PHUKET: The recent threat of violence against Phuket FC fans who made the journey to Krabi Provincial Stadium should serve as a wake-up call to the Thai Premier League (TPL) Co Ltd to ensure that better security measures are in place for future matches in Krabi, especially those involving southern rivals.
The TPL leagues have been an undisputed boon to Thai football since their inception in 2009, giving Thai players a great new opportunity to develop their talents against professional players from abroad – rather than having to market their own services on foreign soil.
Also benefiting have been fans, who for the first time have a real chance to express provincial pride by cheering on their home teams – rather than having to glom onto some foreign team based seven time zones away, or worse, artificially fueling their excitement through gambling.
Here in Phuket, the local team has also given many expats a chance to meet and socialize with natives – not so easy on an island where migrants outnumber the born-and-bred. In addition, the matches also help attract domestic tourists throughout the year, including during the low season when occupancy rates are low.
Sadly, Phuket FC’s promotion to Division One was accompanied by a rise in loutish behavior at Surakul Stadium – most notably the blockade of referees from leaving the stadium following a disappointing loss last season.
Fortunately, the situation has improved considerably, thanks in large part to the TPL’s issuance of fines. Hopefully, the Krabi FC management will take steps to prevent a repeat of last weekend’s debacle; they will have every incentive to after a 60,000-baht fine and a complete ban on any fans attending their next home match.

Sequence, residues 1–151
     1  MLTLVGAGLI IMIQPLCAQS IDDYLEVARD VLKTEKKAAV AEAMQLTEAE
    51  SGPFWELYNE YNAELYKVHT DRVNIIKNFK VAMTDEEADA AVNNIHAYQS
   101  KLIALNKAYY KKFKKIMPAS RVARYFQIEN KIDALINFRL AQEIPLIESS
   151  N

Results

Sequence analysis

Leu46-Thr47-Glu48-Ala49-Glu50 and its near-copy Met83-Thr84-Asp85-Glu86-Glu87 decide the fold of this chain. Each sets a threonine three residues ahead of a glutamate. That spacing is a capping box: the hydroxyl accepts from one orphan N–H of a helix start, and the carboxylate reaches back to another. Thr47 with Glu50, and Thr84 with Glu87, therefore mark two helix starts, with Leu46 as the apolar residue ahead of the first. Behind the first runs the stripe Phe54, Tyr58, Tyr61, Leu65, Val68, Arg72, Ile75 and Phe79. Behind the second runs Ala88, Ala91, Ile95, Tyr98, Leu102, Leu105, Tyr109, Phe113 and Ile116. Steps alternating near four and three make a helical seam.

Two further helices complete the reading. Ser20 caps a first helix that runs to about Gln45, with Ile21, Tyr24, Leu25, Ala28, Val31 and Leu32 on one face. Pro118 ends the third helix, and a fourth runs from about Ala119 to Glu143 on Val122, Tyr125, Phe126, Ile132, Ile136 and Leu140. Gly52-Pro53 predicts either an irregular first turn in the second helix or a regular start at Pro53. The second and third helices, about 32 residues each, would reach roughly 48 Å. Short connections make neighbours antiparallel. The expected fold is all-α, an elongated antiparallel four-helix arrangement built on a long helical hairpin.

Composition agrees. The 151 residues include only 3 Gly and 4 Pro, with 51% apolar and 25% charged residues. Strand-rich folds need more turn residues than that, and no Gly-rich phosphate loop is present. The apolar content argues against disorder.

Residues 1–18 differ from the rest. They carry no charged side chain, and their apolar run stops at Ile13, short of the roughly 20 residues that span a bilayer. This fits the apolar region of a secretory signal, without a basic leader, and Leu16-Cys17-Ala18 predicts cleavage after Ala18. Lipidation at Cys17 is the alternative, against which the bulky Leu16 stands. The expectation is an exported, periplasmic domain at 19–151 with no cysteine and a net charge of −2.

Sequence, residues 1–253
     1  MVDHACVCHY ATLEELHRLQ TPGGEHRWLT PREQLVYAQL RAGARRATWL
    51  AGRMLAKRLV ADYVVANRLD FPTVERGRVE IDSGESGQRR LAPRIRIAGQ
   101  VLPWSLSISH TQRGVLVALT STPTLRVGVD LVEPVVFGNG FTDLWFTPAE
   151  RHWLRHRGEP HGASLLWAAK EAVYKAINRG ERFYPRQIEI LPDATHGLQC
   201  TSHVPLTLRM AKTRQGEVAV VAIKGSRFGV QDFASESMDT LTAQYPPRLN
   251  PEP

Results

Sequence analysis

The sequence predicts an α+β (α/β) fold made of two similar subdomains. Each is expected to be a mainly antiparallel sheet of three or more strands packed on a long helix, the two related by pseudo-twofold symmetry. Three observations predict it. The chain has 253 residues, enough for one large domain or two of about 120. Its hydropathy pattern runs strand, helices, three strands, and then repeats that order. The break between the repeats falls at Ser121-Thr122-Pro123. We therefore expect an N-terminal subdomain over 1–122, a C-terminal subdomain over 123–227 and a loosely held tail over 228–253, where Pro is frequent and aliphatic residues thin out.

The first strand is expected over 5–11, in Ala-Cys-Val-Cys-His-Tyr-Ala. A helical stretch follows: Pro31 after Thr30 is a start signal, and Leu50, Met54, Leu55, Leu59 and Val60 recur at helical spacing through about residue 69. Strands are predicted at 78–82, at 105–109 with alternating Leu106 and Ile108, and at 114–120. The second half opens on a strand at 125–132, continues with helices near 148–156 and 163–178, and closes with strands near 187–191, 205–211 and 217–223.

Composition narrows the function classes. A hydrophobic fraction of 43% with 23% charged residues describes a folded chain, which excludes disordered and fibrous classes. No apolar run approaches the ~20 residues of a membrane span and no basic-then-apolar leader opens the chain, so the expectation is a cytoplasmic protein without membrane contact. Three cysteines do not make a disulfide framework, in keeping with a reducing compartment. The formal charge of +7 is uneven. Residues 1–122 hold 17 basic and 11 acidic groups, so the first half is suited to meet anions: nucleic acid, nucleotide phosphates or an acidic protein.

It remains a mystery why “the beautiful game” seems to produce so much ugly fan behavior. Notwithstanding, it has to be the responsibility of each club’s management to organize sufficient security at matches – including for supporters of visiting sides.
TPL club owners should study the well-documented steps taken by their circa-1980 counterparts in the UK, who were successful in stamping out a rash of violent behavior at matches there in that era.
Thanks to the political climate in recent years, Thailand has perhaps already eclipsed South Korea as the country most often associated with mob action and street riots. The last thing we need now, as we enter what appears to be a period of relative political stability, is to create a new outlet for this type of behavior.
Whether it be politics or sports, much of Thai society still has a long way to go in learning to respect the rules of the game – and accepting the results gracefully.
Join the conversation and have your say on Thailand news published on The Thaiger.
Thaiger Talk is our new Thaiger Community where you can join the discussion on everything happening in Thailand right now.
Please note that articles are not posted to the forum instantly and can take up to 20 min before being visible. Click for more information and the Thaiger Talk Guidelines.